Patent application title: VESSEL
Richard Parkinson (Falmouth, GB)
IPC8 Class: AB63H2542FI
Class name: Marine propulsion means to control the supply of energy responsive to a sensed condition
Publication date: 2014-12-25
Patent application number: 20140378012
A vessel comprising a plurality of hulls, a propulsion system including
propulsion devices at respective end regions of the plurality of hulls
and a control system connected to the propulsion system to control
operation of the propulsion devices so as to position the hulls, wherein
the propulsion devices are angled relative to the vertical longitudinally
of each hull. Such vessel can perform installation functions of
sub-surface assets such as tidal turbines, wave energy devices, cable
laying and the like, or to facilitate foundation installations and also
the function of inspecting sub-surface areas.
1. A vessel comprising a plurality of hulls, a propulsion system
including propulsion devices at respective end regions of said plurality
of hulls and a control system connected to said propulsion system to
control operation of said propulsion devices so as to position the hulls,
wherein said propulsion devices are angled relative to the vertical
longitudinally of each hull.
2. A vessel according to claim 1, wherein said plurality of hulls is two.
3. A vessel according to claim 1, wherein said propulsion system includes four propulsion devices located at both end regions of each hull.
4. A vessel according to claim 1, wherein the propulsion devices are located in corner regions of the vessel taken as a whole.
5. A vessel according to claim 1, and further comprising skegs and/or rudders provided on each hull.
6. A vessel according to claim 5, wherein said skegs and/or rudders are retractable.
8. A vessel according to claim 1, wherein said control system is a computer controlled system which automatically maintains the vessel's position and heading by using the propulsion devices and wherein position reference sensors, wind sensors and motion sensors together with gyro compasses provide information to the computer pertaining to the vessel's position and the magnitude and direction of environmental forces affecting its position.
13. A vessel according to claim 1, the arrangement being such that each hull is symmetrical about a substantially vertical plane transverse to a longitudinal axis of each hull.
14. A vessel according to claim 1, and further comprising an inspecting arrangement mounted to at least two of the plurality of hulls to inspect an area outwardly away from said vessel.
15. A method comprising positioning at a location a vessel having a plurality of hulls and utilising a control system to operate a propulsion system of said vessel in order to substantially maintain the position of the hulls at the location.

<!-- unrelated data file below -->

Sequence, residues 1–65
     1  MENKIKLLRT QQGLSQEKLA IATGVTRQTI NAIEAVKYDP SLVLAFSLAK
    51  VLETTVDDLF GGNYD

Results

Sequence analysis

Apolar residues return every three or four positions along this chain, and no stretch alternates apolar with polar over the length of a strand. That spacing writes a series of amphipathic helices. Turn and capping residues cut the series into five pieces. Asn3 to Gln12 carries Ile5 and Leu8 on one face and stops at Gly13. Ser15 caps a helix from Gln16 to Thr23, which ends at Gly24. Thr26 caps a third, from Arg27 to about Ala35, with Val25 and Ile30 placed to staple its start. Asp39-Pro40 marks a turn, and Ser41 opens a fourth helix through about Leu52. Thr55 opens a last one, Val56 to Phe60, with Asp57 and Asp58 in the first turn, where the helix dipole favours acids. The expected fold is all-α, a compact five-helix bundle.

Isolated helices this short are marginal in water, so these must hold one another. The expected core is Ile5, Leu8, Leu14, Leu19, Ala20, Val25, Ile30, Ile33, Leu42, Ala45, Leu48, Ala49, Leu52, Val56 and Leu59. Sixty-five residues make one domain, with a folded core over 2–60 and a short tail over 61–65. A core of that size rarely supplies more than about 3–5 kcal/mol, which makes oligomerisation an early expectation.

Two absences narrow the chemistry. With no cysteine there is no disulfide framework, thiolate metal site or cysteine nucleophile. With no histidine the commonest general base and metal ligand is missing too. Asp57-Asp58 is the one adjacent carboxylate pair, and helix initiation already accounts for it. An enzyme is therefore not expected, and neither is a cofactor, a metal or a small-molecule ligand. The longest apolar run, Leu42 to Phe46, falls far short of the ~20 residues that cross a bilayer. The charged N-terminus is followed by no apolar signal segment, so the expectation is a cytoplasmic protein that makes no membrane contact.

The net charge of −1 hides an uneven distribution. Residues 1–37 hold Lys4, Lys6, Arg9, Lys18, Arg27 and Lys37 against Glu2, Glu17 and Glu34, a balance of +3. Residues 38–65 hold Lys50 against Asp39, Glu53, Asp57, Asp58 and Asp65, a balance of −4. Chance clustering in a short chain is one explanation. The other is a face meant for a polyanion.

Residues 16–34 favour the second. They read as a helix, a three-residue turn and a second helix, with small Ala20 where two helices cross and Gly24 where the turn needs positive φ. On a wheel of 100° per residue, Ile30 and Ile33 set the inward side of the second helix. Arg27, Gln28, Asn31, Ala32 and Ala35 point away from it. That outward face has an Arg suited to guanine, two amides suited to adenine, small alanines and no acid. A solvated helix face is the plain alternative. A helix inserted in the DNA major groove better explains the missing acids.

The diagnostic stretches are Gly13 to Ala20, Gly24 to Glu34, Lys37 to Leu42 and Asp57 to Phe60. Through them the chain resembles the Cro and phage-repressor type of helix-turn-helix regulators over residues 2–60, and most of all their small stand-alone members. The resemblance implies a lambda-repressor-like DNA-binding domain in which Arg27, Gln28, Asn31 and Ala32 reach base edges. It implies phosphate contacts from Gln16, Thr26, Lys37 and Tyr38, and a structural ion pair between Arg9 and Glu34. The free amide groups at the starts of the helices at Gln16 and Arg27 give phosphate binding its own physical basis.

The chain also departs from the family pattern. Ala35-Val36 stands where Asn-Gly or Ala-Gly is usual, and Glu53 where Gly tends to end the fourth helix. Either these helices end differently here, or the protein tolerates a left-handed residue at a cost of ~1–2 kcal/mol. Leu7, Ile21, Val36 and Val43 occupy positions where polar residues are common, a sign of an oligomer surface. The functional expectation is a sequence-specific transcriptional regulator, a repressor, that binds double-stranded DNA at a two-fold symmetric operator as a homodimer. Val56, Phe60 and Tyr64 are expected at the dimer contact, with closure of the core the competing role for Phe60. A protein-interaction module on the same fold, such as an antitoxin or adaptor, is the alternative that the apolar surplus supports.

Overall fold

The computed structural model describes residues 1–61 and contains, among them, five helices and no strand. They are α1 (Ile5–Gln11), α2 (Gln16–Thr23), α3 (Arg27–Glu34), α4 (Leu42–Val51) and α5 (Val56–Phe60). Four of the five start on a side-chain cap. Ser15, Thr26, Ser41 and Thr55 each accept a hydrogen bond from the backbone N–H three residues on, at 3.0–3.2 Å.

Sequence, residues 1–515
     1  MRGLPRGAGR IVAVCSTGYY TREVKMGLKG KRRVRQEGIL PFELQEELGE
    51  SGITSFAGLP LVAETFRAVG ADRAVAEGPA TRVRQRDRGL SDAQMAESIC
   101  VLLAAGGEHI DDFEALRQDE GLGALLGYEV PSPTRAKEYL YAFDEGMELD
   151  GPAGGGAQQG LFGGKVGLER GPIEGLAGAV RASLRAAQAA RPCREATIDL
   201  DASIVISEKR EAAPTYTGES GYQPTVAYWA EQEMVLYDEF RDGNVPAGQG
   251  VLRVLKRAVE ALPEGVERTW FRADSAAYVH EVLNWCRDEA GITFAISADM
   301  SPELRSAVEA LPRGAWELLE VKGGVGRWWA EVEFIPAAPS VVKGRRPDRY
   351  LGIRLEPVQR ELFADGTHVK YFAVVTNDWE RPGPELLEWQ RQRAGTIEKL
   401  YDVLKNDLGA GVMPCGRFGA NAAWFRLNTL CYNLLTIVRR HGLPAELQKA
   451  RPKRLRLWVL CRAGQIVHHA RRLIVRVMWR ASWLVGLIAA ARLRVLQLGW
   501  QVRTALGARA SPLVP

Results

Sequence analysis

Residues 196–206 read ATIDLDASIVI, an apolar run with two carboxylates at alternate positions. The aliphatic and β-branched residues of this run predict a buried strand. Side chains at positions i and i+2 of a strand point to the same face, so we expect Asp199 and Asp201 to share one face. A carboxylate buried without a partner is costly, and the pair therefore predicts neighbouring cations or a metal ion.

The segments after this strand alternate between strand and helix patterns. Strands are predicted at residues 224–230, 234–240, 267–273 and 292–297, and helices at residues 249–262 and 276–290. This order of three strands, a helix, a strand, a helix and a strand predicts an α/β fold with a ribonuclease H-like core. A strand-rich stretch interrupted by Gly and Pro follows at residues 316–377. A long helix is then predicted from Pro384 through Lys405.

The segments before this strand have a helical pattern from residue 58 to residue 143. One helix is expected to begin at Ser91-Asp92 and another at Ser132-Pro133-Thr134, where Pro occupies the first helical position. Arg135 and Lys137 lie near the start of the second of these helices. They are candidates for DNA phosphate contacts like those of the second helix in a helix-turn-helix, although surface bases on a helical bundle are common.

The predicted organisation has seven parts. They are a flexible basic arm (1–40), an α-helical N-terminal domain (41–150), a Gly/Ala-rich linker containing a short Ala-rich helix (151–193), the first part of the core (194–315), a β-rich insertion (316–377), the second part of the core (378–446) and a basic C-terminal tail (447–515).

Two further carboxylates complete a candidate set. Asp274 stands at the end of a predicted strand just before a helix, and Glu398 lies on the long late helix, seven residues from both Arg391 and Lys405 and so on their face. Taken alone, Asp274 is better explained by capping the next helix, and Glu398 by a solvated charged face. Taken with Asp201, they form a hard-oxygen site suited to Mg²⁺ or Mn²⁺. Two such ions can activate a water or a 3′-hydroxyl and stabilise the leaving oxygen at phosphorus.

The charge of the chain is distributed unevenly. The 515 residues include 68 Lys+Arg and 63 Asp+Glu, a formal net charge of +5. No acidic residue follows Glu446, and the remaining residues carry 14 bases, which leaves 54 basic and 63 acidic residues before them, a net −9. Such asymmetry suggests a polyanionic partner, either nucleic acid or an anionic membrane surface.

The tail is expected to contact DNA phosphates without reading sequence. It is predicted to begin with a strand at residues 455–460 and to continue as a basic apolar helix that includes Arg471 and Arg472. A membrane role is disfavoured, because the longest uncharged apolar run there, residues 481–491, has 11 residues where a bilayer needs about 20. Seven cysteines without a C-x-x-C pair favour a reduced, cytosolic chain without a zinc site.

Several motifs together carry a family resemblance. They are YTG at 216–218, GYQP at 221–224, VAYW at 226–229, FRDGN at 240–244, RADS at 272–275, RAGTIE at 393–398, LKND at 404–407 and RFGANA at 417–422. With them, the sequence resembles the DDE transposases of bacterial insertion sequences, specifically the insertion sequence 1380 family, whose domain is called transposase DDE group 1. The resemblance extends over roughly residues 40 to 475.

17. A method according to claim 15, wherein said control system is a computer controlled system which automatically maintains the vessel's position and heading by using propulsion devices of the propulsion system and wherein position reference sensors, wind sensors and motion sensors together with gyro compasses provide information to the computer pertaining to the vessel's position and the magnitude and direction of environmental forces affecting its position.
18. A method according to claim 15, and further comprising inspecting an area outwardly away from said vessel.
19. A method according to claim 15, wherein said vessel is according to claim 1.
20. A vessel comprising a plurality of hulls substantially parallel to each other, the arrangement being such that each hull is symmetrical about a substantially vertical plane transverse to a longitudinal axis of each hull.
21. A vessel according to claim 20, wherein each hull is symmetrical from front-to-back about a substantially vertical central transverse plane across each hull.
22. A vessel according to claim 20, wherein the shape of a bow and a stern of said vessel are substantially identical.
23. A vessel according to claim 20, and further comprising a moon pool in a deck structure supported by the hulls.
24. A vessel according to claim 20, wherein the hulls have an elliptical form geometry.
 This invention relates to a specialised vessel for use in strong
current environments to perform installation functions of sub-surface
assets such as tidal turbines, wave energy devices, cable laying and the
like, or to facilitate foundation installations and also the function of
inspecting sub-surface areas.
 There are numerous requirements for the installation of assets such as tidal turbines, foundations, cables, etc., in locations with strong currents. Tidal energy, for example, presents a reliable source of energy in certain areas of the globe. The main impediment to the development of the industry of utilising that energy at present is the extremely high cost of installation. This installation cost is very high due to the developing industry lacking suitable ships/vessels which are custom-built for the particular environment. Current practice is to utilise vessels developed for the oil and gas sector. These vessels are not developed to operate in the fast currents of a tidal environment and are therefore not suitably effective for tidal device installation (including associated device-to-shore connections), maintenance and decommissioning. Furthermore, the charter day rates of these vessels are very high and variable. Seasonal price fluctuations in orders of magnitude are not uncommon.